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This article in AJ

  1. Vol. 95 No. 4, p. 908-912
    Received: Mar 29, 2002

    * Corresponding author(s): j-muir@tamu.edu
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Spring Forage Yield and Nutritive Value of Texas Black Medic Accessions

  1. James P. Muir *,
  2. William R. Ocumpaugh and
  3. James C. Read
  1. Texas A&M Univ. Agric. Exp. Stn., 1229 North U.S. Hwy. 291, Stephenville, TX 76401


Black medic (Medicago lupulina L.) has become naturalized in south-central USA where, in semiarid climates, it acts as a cool-season annual. Cultivation for wildlife and livestock forage and seed has not been fully realized as cultivars adapted to warm and dry climates have not been developed. This study evaluated forage yields and nutritive value of black medic accessions collected in Texas. March, April, and May forage yield, acid detergent fiber (ADF), acid detergent lignin (ADL), N, and P concentrations of 11 black medic accessions collected in Texas were compared with cultivar George at Stephenville, TX, during establishment and first self-reseeding years. Entries exhibited no frost damage and insignificant insect damage, but some Texas accessions were more vigorous in February and flowered earlier than other Texas accessions and George. Some Texas accessions were also more productive (P < 0.01) than others as well as George. Forage yields among entries ranged from 0.6 to 1.5 Mg ha−1 yr−1 when averaged over years and harvest months. Harvest month affected all entry yields equally and peaked at 2.3 Mg forage ha−1 yr−1 during May of the first season but declined in the second, self-reseeding year despite greater rainfall. March ADF, ADL, N, and P concentrations tended to be lower than those of later harvests while the higher-yielding accessions also tended to have greater ADF and ADL concentrations. The results indicate that forage yield and nutritive value of naturalized black medic germplasm from Texas is variable and that a blend from the southern Great Plains should be developed.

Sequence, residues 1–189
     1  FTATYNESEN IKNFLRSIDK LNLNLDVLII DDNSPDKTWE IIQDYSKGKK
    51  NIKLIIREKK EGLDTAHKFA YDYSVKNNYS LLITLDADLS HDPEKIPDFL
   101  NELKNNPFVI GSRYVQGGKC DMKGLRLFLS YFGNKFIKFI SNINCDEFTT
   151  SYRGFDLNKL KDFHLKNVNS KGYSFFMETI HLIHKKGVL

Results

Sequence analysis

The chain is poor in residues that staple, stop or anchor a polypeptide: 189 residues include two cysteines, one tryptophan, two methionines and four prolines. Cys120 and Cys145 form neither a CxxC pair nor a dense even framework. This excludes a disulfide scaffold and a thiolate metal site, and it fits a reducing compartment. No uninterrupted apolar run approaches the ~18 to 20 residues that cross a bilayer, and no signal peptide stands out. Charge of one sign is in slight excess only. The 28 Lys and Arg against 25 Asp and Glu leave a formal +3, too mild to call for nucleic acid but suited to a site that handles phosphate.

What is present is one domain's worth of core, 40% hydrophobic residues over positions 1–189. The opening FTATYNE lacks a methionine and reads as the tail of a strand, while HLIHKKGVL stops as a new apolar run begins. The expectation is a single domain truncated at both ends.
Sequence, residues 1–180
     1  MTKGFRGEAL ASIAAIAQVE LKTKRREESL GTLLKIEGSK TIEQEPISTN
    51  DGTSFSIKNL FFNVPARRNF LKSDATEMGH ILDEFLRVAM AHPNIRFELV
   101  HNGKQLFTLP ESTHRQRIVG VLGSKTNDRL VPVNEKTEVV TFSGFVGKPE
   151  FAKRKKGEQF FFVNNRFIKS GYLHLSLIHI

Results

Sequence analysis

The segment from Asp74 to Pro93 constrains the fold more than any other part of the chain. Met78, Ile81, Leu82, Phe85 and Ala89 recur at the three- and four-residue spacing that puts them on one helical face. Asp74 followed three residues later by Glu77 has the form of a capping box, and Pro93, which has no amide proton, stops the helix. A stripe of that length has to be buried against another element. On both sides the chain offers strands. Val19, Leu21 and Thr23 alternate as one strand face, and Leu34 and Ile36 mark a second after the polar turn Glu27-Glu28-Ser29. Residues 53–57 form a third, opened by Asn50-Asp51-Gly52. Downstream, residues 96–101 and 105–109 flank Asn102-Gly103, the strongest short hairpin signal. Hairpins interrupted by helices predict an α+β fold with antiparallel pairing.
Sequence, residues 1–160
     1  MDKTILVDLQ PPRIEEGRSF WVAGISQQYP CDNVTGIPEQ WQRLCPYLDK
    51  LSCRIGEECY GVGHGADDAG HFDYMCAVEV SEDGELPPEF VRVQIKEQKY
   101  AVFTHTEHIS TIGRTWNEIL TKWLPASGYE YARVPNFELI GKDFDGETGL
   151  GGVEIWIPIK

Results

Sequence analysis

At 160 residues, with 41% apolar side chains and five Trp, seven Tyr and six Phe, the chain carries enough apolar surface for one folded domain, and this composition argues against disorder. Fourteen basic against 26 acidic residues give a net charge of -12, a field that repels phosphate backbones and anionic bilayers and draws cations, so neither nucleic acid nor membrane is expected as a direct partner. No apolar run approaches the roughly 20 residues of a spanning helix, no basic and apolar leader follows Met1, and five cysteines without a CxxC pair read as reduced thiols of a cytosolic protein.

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Copyright © 2003. American Society of AgronomyPublished in Agron. J.95:908–912.